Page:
Preservation Buffalo Niagara (PBN) is recognizing outstanding individuals and projects furthering historic preservation efforts in the region. This year’s Preservation Awards Luncheon will be held Friday, May 31st, at the Kleinhans Music Hall. Buffalo has been publicizing individual winners over the past few weeks.
Larry Fuchs, Roger Korsh, Andy Adams, Henry Forman, and Robert Stetzko, five retired craftsmen from Buffalo Sheet Metal Workers Local 71, are being honored for their contribution to the on-going restoration of the Buffalo Central Terminal by the Central Terminal Corporation.
When asked by a committee member of Local 7 l, these volunteers signed on to recreate the Art Deco-style sconces that lined the concourses of the Terminal; but had since been removed. In fact, only recently was the CTRC in possession of an original sconce – and that was crowdsourced by the greater preservation community through Broadway Fillmore Alive’s Christopher Byrd, an East Side advocate. These skilled workers used drawings and photographs of the sconces that landed in 1920’s-themed diner in Hong Kong.
Together Fuchs, Korsh, Adams, Forman and Stetzko have been able to recreate six sconces, and are committed to perfecting their design and construction, before making an additional six pieces. Glazier apprentices from District Council #4 cut the glass for the sconces.
This may seem like a small project in the context of the larger effort to fully-restore the Terminal, but it represents an extremely large, diverse, and new partnership in preservation. The CTRC has a volunteer force like no other in Buffalo made up of East Side residents, blue-collar folks, and multi-generational families. Bringing the sheet metal workers info this mix is in some ways riot surprising because the Terminal is truly engaging everyone in the restoration of their iconic facility.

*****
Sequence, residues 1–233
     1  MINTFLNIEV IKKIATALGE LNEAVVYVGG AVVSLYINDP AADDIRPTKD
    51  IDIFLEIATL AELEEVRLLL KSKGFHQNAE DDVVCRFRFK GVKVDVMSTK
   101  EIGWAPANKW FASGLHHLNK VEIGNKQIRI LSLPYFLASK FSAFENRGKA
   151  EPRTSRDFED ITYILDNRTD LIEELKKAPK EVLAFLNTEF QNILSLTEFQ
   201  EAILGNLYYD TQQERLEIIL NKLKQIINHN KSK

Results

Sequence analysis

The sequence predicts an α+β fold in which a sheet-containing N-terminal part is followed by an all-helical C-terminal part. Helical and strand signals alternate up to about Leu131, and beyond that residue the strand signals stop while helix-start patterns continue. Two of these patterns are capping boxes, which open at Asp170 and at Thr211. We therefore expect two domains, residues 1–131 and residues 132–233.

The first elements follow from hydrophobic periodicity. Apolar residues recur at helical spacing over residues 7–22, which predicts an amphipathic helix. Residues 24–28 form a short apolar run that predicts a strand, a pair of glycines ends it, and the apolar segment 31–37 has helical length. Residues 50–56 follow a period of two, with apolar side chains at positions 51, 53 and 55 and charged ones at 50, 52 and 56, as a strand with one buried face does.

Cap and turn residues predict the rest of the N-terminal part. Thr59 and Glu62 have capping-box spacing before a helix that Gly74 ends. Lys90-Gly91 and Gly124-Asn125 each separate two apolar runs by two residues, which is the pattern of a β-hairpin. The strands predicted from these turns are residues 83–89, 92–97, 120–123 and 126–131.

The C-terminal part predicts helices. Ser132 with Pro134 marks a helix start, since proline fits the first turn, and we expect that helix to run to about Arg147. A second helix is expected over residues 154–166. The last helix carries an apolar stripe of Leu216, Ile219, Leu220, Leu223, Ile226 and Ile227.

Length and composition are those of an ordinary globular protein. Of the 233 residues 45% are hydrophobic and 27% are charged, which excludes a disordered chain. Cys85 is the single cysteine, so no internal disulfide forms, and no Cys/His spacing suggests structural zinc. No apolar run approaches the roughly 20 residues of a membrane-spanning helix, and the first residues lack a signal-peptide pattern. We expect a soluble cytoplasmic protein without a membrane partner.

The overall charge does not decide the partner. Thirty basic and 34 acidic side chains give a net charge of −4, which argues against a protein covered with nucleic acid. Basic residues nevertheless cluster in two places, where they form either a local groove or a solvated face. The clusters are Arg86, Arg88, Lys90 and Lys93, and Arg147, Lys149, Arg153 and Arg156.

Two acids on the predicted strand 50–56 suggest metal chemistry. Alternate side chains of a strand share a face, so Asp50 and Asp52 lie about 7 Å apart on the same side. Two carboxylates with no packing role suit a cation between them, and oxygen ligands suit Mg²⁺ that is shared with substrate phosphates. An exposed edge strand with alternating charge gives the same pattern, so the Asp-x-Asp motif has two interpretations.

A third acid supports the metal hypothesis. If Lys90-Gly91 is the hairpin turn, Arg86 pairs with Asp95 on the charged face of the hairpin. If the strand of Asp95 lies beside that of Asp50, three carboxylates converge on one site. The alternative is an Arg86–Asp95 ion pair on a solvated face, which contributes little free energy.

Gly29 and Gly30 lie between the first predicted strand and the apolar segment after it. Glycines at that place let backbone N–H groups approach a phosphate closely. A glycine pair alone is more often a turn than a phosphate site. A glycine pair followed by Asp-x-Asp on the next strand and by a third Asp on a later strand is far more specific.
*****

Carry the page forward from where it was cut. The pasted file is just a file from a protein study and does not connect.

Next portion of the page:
Bringing in new collaborators and new supporters will strengthen the preservation movement that is gaining momentum in the region. The deeper our bench the better we can compete against the still prevalent “demolition equals progress” and “any new building is good enough for us” mantras of our general population, some politicians, and many developers.
When the National Trust coined, Preservation = Jobs, they highlighted one of the greatest tools in a preservationist’s toolbox: facts about economics and employment. While these particular retired sheet metal workers did not ask or exchange money with the Central Terminal, they created yet another connection between the well-paid, skilled labor jobs of our manufacturing past, along with the MS required Architectural Historian/Preservation Specialist/Heritage Architecture jobs of today, to the preservation movement. Our toolbox is heavier, and their toolbox is still building Western New York.
Photos by Tom Campbell